If we would know for certain what God approves and disapproves, our only sure measure is the word of God itself. History is a fickle standard, and thus no standard at all. Rather than presuming upon the patience and long-suffering of God, we should return to a diligent investigation of His enduring and unchanging word, and recognize that God’s patience leads to repentance. If we are to walk as He walked, then we must do so by the map of the Scriptures. We cannot use history as the litmus test of truth, for God has not commanded us to conform to history, but to the unchanging standard of His word.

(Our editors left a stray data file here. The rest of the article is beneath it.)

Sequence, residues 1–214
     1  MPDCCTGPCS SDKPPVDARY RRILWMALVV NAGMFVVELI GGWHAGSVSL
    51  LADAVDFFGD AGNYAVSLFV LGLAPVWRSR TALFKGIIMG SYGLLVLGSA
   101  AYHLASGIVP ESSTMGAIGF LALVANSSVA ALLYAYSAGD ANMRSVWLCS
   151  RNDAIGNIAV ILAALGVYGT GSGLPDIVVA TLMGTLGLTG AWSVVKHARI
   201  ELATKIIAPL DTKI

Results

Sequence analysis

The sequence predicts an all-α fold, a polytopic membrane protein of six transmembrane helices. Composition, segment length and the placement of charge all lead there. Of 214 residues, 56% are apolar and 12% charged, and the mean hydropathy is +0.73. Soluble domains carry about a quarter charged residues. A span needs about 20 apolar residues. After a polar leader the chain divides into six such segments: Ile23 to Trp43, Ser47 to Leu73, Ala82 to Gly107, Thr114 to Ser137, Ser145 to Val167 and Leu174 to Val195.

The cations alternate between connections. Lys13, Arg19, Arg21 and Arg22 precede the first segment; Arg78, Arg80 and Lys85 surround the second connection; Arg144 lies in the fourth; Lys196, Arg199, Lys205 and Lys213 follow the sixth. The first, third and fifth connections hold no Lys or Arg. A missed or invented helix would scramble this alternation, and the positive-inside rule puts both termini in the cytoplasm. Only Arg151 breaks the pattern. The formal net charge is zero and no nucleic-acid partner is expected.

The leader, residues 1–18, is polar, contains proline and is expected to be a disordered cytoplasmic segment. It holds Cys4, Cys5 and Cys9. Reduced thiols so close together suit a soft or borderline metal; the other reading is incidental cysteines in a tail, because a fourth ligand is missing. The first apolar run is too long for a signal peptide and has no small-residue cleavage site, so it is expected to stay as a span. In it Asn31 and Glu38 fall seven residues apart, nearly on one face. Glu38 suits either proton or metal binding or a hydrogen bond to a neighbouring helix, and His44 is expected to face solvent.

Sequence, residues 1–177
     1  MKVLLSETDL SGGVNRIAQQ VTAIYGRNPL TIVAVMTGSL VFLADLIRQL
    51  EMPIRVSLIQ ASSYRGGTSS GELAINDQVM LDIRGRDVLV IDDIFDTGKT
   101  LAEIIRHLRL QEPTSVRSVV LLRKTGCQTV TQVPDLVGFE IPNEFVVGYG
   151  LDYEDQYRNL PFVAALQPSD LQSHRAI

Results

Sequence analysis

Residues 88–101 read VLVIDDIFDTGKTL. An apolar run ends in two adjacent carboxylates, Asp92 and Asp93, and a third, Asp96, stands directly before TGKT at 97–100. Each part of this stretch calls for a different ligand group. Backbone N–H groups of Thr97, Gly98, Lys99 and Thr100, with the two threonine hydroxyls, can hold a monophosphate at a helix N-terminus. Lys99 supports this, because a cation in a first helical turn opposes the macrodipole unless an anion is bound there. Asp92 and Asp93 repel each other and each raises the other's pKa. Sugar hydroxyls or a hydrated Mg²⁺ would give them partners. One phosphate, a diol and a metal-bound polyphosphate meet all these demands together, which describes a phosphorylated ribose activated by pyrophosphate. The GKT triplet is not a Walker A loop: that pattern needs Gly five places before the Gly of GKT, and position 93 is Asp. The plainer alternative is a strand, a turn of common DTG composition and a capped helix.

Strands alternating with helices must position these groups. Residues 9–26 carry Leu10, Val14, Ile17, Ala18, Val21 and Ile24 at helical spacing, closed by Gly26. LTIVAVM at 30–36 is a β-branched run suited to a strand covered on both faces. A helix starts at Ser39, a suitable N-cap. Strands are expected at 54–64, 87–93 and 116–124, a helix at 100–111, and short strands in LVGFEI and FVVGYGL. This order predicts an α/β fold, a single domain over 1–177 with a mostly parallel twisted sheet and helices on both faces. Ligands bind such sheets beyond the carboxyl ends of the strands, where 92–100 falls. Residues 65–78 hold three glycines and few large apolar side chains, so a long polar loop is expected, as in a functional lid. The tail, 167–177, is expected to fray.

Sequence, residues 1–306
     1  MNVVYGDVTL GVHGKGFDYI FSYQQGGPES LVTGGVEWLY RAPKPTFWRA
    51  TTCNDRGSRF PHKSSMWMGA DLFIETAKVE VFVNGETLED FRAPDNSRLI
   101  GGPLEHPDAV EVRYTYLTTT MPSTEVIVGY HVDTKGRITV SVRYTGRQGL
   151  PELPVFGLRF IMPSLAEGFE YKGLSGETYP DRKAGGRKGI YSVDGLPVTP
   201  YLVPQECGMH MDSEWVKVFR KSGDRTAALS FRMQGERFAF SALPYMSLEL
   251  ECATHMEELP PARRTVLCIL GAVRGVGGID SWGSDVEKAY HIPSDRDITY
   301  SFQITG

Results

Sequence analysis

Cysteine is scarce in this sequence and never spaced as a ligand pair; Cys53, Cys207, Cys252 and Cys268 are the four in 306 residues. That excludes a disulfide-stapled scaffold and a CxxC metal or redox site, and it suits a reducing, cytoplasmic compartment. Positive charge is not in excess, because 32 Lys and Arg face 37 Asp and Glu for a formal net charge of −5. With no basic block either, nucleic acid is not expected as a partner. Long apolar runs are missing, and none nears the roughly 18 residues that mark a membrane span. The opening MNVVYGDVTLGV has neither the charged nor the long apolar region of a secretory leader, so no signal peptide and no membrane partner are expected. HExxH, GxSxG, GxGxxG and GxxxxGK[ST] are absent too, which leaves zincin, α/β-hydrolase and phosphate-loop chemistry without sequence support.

Ray A. Pritz, Nazarene Jewish Christianity (Magnes Press, 1988), p. 108.
 On the issue of groups who maintained the seventh-day Sabbath in the Middle Ages, see Daniel Augsburger, “The Sabbath and the Lord’s Day During the Middle Ages” in Kenneth A. Strand, ed. The Sabbath in Scripture and History (Review and Herald Pub. Assoc., 1982), pp. 190–214; For the period of the Reformation, see Jerome Friedman, The Most Ancient Testimony (Ohio Univ. Press, 1983).
 See, for instance, The Epistle of Barnabas 4.6–8; Justin Martyr, Dialog with Trypho, Ch. 11; Origen, Against Celsus 4.22.